BOULDER, Colo. –
Since police began investigating Lisa Novak’s Boulder-based adoption agency, she’s lost her business, her livelihood and her home, and Novak’s family on Friday begged a judge not to punish her further by sending her to jail.
Boulder County District Court Judge Maria E. Berkenkotter denied that petition and sentenced Novak, 48, to 90 days in Boulder County Jail, 12 years of probation and 100 hours community service. Novak â who has moved to Maine with her husband and six children â also must pay back the tens of thousands of dollars she stole from families through her now-defunct Claar Foundation adoption agency.
As part of her probation, Novak was prohibited from doing any adoption-related work or running her own business.
The former Erie trustee was convicted by a jury in December of fraud, two counts of theft of $20,000 or more and theft between $1,000 and $20,000 â all felonies. She could have faced more than 31 years in prison.
Novak is appealing her conviction, and her family and attorney again argued Friday that she didn’t mean to defraud anyone, but that some adoptions didn’t work out because of a slumping business climate, changing international environment.
Prosecutors said Novak’s insistence that she did nothing wrong is exactly why she should be jailed.
“She still seems to claim no deceit here, but when you consider the evidence, the deceit was massive,” prosecutor Michael Foote said. “Novak is not an unlucky business person, she’s a thief.”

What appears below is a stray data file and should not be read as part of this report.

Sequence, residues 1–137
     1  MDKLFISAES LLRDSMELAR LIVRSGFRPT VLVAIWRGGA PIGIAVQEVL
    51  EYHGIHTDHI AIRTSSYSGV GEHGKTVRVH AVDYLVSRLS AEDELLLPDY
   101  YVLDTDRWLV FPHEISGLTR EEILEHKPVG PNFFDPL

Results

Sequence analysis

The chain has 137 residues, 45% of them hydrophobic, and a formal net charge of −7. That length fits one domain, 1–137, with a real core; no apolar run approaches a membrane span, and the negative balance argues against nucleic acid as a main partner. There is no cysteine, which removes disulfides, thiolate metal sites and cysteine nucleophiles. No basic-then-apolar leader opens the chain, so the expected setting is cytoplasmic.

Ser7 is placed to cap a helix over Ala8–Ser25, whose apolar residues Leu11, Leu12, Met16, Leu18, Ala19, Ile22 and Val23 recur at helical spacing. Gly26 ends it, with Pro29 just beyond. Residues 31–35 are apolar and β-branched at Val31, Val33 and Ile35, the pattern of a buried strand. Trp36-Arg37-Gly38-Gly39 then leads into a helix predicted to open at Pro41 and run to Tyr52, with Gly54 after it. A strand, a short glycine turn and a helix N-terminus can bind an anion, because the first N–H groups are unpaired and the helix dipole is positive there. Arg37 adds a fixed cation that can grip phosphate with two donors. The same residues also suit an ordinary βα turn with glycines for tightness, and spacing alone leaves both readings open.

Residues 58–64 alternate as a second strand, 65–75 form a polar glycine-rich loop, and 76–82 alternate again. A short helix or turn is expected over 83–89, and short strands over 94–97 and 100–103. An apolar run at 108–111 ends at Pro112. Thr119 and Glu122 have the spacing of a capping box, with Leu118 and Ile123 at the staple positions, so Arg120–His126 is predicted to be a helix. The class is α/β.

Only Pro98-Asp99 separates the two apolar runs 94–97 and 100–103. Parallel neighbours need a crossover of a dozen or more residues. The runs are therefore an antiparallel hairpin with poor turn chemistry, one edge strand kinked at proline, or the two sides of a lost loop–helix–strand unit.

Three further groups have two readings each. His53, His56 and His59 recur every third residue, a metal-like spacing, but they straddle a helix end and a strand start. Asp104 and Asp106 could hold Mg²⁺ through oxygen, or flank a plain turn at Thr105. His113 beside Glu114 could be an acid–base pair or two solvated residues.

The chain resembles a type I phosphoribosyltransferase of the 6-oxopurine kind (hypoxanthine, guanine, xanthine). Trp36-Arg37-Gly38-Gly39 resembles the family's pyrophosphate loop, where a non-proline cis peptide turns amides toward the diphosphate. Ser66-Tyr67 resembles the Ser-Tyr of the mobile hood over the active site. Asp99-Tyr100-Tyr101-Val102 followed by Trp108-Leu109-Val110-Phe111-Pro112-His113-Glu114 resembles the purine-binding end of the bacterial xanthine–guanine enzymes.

Novak’s family members said two of her adopted daughters are struggling apart from their mother and can’t handle losing her for three months, but Foote asked why Novak should be different than other convicted felons.
“I don’t think Novak should get a ‘get out of jail free card’ because she has a family,” Foote said.
Novak, who had not commented on the allegations since being charged, spoke in court Friday â at times through tears â about how she made mistakes but never had any ill intent.
“I now regret many of the choices we made,” Novak said. “But they were not made with criminal intent and were not criminal acts.”
Novak said she tried to do too much and please too many people, and years after starting her business she was diagnosed with an illness that made her weak, exhausted and unable to do her job as she had before.
“I didn’t realize how sick I was,” she said.
Martin Claar, Novak’s husband, said he was as involved in the business as his wife, and Novak shouldn’t have been the only person “chased” by prosecutors. She became the face of the business, he said, because she worked tirelessly with international agencies and clients.
Claar said he blames himself for the company’s struggles, but doesn’t think his wife did anything criminal.
“The only remorse I feel is that we kept working and sacrificed too much for other people,” he said.
But adoptive parent Linda Carlson-Singh told the court Friday that Novak is a skilled white-collar crook and liar who took tens of thousands of dollars from her family and stood in the way of her adoptions.
She said Novak caused her son to remain in an orphanage for months after being told his parents were coming to get him, and now he suffers from migraines, nightmares and anxiety.
“Every day he pleads, ‘You’re not gonna leave me, are you mama?'” she told the court.
After Friday’s sentencing, Carlson-Singh said she was glad Novak won’t be able to hurt more families.
“But this is all so sad,” she said. “Justice would be if this never happened in the first place.”